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October 1, 1927


Author Affiliations


JAMA. 1927;89(14):1140-1148. doi:10.1001/jama.1927.02690140036011

Malignant disease of the lung, including the bronchi, is steadily assuming greater importance as the result probably both of increased frequency and of more accurate diagnosis. It is important that the effort should be made to increase our knowledge of the subject in the hope that early diagnosis and proper treatment may reduce the mortality. This hope must be concerned particularly with neoplasms originating in one part; namely, in the bronchus. The term "carcinoma of the lung" suggests a neoplasm of the lung tissue proper, but new growths originating in the lung parenchyma comprise only a small proportion of all lung tumors (perhaps from 10 to 15 per cent). The great majority originate in the bronchi and subsequently invade the lung tissue.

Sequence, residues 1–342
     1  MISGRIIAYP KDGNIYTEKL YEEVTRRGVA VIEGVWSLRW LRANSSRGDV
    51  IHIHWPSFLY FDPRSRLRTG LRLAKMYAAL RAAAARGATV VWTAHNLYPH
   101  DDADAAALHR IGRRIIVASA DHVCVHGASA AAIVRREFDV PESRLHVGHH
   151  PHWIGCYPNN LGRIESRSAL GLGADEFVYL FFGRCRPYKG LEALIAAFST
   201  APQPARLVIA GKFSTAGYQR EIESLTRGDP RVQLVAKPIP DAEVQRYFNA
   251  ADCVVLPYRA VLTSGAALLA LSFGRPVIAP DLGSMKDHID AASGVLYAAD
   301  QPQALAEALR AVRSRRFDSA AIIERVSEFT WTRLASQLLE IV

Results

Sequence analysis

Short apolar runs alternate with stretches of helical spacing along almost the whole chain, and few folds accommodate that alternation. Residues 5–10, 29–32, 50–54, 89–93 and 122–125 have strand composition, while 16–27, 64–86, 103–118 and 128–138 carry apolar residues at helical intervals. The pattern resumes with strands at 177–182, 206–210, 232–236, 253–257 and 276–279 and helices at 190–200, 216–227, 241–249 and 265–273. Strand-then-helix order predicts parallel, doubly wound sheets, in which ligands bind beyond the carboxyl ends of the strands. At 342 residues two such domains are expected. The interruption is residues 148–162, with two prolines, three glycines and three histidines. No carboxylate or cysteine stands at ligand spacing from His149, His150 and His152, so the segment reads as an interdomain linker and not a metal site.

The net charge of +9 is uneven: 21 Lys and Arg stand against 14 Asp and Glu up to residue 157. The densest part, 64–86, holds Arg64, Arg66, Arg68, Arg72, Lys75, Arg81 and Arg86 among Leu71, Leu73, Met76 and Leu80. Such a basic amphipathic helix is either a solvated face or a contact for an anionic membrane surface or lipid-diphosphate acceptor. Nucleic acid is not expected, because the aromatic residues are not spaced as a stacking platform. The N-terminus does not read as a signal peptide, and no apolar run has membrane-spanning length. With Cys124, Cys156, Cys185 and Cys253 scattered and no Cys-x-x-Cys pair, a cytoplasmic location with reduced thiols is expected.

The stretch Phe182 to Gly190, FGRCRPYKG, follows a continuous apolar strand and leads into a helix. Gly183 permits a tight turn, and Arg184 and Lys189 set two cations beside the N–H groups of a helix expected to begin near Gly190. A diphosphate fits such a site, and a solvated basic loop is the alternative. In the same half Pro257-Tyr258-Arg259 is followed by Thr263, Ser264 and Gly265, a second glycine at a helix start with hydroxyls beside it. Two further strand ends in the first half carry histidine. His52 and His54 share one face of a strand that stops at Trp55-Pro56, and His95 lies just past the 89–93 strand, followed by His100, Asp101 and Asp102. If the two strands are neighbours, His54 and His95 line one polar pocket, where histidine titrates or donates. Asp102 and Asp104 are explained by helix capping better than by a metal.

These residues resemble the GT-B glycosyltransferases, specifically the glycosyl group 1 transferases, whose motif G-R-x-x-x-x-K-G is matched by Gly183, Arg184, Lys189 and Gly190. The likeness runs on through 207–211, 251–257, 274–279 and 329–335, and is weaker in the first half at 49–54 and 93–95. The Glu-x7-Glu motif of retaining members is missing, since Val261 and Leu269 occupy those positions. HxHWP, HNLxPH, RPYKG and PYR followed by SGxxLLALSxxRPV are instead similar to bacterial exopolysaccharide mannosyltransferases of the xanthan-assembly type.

It is therefore with neoplasms originating in the bronchi that we are particularly concerned. The main points that we shall discuss are (1) the question of increase in